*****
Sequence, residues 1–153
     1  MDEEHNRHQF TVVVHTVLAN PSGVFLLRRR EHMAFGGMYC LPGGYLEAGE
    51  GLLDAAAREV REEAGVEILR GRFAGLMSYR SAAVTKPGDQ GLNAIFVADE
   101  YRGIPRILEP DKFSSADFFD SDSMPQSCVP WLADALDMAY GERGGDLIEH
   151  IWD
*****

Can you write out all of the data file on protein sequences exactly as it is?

Sequence, residues 1–153
     1  MDEEHNRHQF TVVVHTVLAN PSGVFLLRRR EHMAFGGMYC LPGGYLEAGE
    51  GLLDAAAREV REEAGVEILR GRFAGLMSYR SAAVTKPGDQ GLNAIFVADE
   101  YRGIPRILEP DKFSSADFFD SDSMPQSCVP WLADALDMAY GERGGDLIEH
   151  IWD